Stick a cork in it
PRWeek was invited to the excellent and very important Women in PR event that tackled the gender inequality that exists at PR event speaker line-ups.
Did you know that two-thirds of PR and communications professionals are women, but only a quarter (24 per cent) have ever spoken at industry events? Those who attend such events would not be surprised by the findings.
Panelists at the event discussed sensible ways in which women can get a seat at the lecturn or spot on a panel chair.
One of the problems, according to RADA tutor and speaking therapist Sheelagh McNamara, is that women aren't assertive enough in how they project their speech.
To solve this problem, McNamara ran the room through an unusual exercise.
Stick a cork in your mouth and try to talk through it. After you practice this, you will be able to be more assertive, so the theory goes.
To be honest, the three men in the room, including PRCA deputy director general Matt Cartmell, found the activity slightly awkward, but maybe that’s part of the point.
What wasn’t lost on PRWeek is a new twist on the old adage, ‘stick a cork in it’.
What’s up next for Nik Govier, who surprised many when she left Unity, the agency she co-founded in 2006, at the start of the year?
Flack has heard an unsubstantiated rumour that Nik is hoping to team up with former Unity colleagues Davnet Doran – who recently departed from M&C Saatchi PR, where she was MD - and Katy Stolliday of Brands2Life, for a new venture. We’ll watch with interest.
Comms: the final frontier
Sorry to say, every journalist has, at some point - or (more) often - complained about an unintelligible press release. But almost any hack would be justified to make that accusation with this intergalactic release from Ready10.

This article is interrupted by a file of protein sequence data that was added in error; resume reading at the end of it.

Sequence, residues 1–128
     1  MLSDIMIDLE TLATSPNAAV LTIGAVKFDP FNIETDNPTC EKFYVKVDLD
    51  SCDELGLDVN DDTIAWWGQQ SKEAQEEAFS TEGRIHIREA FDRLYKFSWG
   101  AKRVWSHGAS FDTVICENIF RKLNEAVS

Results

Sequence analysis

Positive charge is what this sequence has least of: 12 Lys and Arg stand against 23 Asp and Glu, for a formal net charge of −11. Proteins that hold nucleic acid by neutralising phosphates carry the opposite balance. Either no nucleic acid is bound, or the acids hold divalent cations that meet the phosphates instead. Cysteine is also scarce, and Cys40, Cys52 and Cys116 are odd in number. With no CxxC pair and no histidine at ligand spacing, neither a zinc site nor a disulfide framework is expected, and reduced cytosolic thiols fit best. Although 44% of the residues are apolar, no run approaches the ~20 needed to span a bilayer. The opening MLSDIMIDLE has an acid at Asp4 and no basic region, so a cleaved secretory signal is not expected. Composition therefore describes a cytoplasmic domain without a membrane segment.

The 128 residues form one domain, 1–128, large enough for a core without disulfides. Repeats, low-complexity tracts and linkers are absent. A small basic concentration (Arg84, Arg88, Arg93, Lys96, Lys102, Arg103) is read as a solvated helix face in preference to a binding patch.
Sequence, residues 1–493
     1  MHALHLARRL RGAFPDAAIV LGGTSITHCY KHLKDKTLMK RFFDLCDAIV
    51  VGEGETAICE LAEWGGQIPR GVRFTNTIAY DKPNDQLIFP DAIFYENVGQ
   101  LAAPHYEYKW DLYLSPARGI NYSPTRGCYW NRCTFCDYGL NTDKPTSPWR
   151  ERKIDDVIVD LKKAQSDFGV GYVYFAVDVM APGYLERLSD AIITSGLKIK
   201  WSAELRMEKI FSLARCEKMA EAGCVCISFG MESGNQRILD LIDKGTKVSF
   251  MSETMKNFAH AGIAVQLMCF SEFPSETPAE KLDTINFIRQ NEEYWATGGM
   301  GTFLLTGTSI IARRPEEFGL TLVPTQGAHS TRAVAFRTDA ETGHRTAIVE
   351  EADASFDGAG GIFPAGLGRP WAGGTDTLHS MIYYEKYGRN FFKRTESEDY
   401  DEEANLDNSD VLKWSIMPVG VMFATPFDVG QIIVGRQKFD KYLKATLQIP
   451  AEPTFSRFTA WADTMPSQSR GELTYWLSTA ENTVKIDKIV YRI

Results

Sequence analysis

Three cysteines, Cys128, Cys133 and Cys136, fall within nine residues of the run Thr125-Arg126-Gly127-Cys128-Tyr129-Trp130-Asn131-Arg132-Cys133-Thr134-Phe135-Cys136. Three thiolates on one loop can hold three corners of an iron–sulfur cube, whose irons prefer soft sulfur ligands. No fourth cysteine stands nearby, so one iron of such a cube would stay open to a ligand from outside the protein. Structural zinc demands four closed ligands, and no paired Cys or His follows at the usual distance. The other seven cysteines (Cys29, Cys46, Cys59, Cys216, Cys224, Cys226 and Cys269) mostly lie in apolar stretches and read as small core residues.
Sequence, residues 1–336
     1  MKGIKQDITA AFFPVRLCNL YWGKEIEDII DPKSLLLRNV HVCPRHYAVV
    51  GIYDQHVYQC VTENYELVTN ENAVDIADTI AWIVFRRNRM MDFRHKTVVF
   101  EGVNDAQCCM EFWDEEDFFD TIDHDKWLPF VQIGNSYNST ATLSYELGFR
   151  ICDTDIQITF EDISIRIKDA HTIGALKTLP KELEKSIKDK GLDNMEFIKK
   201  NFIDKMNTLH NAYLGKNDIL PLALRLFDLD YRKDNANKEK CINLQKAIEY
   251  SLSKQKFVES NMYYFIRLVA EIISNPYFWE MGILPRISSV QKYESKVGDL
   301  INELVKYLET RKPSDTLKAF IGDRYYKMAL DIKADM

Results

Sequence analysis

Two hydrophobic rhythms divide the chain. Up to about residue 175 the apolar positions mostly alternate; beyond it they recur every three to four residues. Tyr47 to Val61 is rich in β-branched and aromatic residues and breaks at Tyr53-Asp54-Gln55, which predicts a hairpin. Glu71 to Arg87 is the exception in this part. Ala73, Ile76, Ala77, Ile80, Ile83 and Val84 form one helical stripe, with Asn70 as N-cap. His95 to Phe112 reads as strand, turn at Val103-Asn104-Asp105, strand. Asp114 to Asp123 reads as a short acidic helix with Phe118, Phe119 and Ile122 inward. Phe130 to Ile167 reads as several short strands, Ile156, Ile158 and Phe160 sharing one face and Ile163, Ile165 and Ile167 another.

To publicise its new client - Destination Star Trek, Europe’s biggest Trek convention – Ready10 has issued a version of the press release written entirely in Klingon.
"Qap wanI' qaStaHvIS 2018 'ej tul tlhIngan DIS veb thrill," it reads.
Or for the uninitiated: "We are thrilled to be working on the event in 2018 and hope to Klingon to it for next year."
Indeed. The release is being sent alongside one in English, thankfully. But with so much ostensible gibberish in the Klingon version, Flack hopes the email makes it boldly through journalist spam filters.
Not an example of our profession at its best, this, which comes courtesy of Computer Weekly network editor Alex Scroxton.
How do get yourself blacklisted by an IT journalist. An easy primer:— Alex Scroxton (@alexscroxton) October 2, 2018
1) Expose hundreds of journalist emails in CC field
2) Unsolicited PDFs, information not contained in body text
3) Your news is that someone else did a news about you
*flushing toilet sound effect* pic.twitter.com/iQzJTclcGj
Don't cast your pearls before swine
Meet the 2040 Tory Cabinet. Yes, only one woman. At least they got the sexually assaulted pig out of the picture. I recall now "respectable" Tories running around wearing "Hang Nelson Mandela" t-shirts in the 80s. This shit happens, and so do these shits. pic.twitter.com/gSvqUJp3j7— Colin Byrne (@capbyrne) October 3, 2018